2011 Chateauneuf du Pape Reserve le Clos du Caillou

Domaine du Caillou

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Cs (12x75cl)
0 immediate, 3 marketplace
Mag (150cl)
0 immediate, 5 marketplace

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We deliver Monday to Friday; charges are £ 16 + VAT for up to 10 cases (12x75cl or equivalent) for most UK postcodes.
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Average Score 96.0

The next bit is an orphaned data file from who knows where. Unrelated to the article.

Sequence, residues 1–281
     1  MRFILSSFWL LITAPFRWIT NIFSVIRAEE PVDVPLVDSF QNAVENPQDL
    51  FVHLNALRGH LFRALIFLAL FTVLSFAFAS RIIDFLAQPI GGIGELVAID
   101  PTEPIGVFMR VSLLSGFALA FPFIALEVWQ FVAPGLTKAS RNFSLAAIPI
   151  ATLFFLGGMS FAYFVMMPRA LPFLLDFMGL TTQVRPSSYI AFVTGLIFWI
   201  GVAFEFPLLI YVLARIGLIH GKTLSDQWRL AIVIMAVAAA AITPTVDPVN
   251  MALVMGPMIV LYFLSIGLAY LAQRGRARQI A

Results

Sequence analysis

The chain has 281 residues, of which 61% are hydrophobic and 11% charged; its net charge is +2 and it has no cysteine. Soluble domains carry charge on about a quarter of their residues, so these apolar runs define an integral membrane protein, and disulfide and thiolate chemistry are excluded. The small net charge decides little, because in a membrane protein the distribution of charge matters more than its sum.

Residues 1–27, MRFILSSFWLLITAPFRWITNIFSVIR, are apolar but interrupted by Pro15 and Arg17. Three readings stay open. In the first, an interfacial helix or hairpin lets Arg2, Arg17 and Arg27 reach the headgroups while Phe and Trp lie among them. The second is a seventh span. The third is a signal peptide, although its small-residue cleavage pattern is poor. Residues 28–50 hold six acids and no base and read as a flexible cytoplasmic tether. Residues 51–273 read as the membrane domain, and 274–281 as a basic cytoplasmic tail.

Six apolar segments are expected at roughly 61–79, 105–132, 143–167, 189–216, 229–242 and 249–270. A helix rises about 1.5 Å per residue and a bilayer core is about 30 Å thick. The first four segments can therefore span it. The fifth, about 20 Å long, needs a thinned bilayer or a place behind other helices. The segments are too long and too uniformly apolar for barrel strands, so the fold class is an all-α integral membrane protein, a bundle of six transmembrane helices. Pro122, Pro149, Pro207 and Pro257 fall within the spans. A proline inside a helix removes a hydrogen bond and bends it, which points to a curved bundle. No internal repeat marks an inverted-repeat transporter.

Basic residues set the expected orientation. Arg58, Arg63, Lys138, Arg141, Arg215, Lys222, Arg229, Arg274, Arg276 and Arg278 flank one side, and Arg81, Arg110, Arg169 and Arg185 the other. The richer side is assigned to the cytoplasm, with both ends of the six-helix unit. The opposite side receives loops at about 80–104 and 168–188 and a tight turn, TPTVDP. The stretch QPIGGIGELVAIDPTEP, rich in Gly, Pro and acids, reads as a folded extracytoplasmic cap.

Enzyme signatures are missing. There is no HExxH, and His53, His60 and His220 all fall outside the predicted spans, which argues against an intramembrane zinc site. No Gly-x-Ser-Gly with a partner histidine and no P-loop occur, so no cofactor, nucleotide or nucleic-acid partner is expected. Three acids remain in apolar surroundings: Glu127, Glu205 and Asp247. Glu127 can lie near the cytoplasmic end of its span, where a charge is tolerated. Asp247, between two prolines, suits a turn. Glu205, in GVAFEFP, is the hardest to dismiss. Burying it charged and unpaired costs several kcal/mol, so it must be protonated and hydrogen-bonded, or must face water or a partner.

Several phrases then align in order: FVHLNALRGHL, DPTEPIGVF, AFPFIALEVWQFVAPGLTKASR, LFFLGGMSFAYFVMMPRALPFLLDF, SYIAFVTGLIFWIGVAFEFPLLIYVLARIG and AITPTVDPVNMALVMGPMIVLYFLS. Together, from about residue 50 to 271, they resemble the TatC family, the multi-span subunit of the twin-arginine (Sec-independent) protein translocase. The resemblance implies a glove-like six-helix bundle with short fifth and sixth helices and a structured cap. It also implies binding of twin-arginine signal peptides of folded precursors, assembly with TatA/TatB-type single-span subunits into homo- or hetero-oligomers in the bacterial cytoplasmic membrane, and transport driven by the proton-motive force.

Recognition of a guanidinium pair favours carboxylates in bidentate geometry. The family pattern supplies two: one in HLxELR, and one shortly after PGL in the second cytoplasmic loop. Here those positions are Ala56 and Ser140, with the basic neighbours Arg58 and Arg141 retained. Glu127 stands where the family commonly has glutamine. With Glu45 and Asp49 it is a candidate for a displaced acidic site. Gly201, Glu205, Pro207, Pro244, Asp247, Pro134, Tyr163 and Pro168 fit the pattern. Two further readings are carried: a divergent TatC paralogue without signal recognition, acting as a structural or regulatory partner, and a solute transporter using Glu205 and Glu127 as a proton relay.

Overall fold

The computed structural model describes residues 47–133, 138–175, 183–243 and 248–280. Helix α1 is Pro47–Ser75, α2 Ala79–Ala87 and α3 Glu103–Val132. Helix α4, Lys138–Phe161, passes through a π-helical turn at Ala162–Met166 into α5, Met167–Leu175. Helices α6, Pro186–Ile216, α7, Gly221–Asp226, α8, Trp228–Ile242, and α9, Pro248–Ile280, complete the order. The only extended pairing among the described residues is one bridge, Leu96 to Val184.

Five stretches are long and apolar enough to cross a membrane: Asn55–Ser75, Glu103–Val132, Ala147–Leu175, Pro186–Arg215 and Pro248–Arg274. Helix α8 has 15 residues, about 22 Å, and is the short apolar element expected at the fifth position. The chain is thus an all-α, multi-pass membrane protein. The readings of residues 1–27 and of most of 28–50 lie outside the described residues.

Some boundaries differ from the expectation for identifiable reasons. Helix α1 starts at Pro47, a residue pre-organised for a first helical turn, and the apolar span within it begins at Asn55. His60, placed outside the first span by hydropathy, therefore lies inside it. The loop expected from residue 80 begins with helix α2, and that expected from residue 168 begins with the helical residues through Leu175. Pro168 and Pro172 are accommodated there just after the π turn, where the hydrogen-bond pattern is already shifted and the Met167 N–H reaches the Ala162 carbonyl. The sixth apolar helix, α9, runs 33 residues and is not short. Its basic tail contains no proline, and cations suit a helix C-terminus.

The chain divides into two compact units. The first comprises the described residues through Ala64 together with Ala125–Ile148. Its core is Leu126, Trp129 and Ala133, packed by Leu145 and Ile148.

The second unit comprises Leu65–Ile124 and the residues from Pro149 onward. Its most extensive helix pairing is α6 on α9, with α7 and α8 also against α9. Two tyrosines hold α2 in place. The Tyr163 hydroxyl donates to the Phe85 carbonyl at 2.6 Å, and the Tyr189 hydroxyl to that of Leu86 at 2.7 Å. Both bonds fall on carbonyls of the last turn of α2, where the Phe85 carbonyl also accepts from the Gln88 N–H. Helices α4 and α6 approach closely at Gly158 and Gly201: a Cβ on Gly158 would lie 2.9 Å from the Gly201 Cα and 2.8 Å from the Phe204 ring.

The 2011 Chateauneuf du Pape Reserve Le Clos du Caillou is near the top of the heap in the vintage, and is a brilliant wine. Giving up classy creme de cassis, black raspberry, ground herbs and creamy licorice, it has full-bodied richness and depth to go with an open, sexy, supple style that’s hard to resist. The tannin here is present however, but is polished and sweet, so it will evolve gracefully going forward. ||This was a massive tasting with the team at Clos du Caillou and we went through each of their cuvees going back more than a decade. While the domaine has been in the Pouizin family since 1956, with Claude Pouizin running the estate through 1996, most of the production was sold off to negociants until around 1993. In 1995, Claude’s daughter, Sylvie, married Jean-Denis Vacheron, and the couple took over running the estate. Unfortunately, Jean-Denis died in a tragic traffic accident in 2002. Today the estate is run by Sylvie, the wines are made by Bruno Gaspard and consulting advice is from Philippe Cambie. Located on the eastern edge of the appellation, in the Courthezon district, they produce up to three Chateauneufs (Les Safres, Les Quartz and the Cuvee Reserve) in any vintage. In addition, they produce a white Chateauneuf du Pape and a number of smoking Cotes du Rones, which come from vineyards bordering Chateauneuf du Pape (identical terroir, actually) and are top- quality. We started the tasting with their base Chateauneuf du Pape, which comes from Safres (sandstone) soils located around the estate. It’s always based on 50+-year-old Grenache vines (95% or higher) and is aged all in older foudre. While this cuvee is called Les Safres today, it was labeled as their traditional Chateauneuf du Pape up until 2005. Moving to the Les Quartz Cuvee, this was first made in 1999 and comes mostly from the Les Cassanets lieu-dit, yet incorporates a small amount of Syrah from Les Bedines. It’s normally a blend of 85% Grenache and 15% Syrah, with the Grenache aged in a combination of oak tanks and foudre, and the Syrah in new barrels. While the Reserve gets most of the attention, Grenache-lovers need to check out this cuvee as it always offers thrilling fruit and texture, with an exuberant, Grenache-driven style. The top release from the estate, their Reserve release was first made in 1998. It is a blend of 60% Grenache and 40% Mourvedre (this is sometimes a split of Syrah and Mourvedre) that’s aged mostly in 1-2-and 3-year-old, 600-liter demi-muids for 18 months. Where the Les Quartz release is more exuberant and Grenache-dominated (both in style and in the blend), this cuvee, which comes from mostly sandy soils, always has more elegance and polish, as well as rock-star concentration and muscle. In addition, it performs beautifully in more difficult vintages as well., 2014

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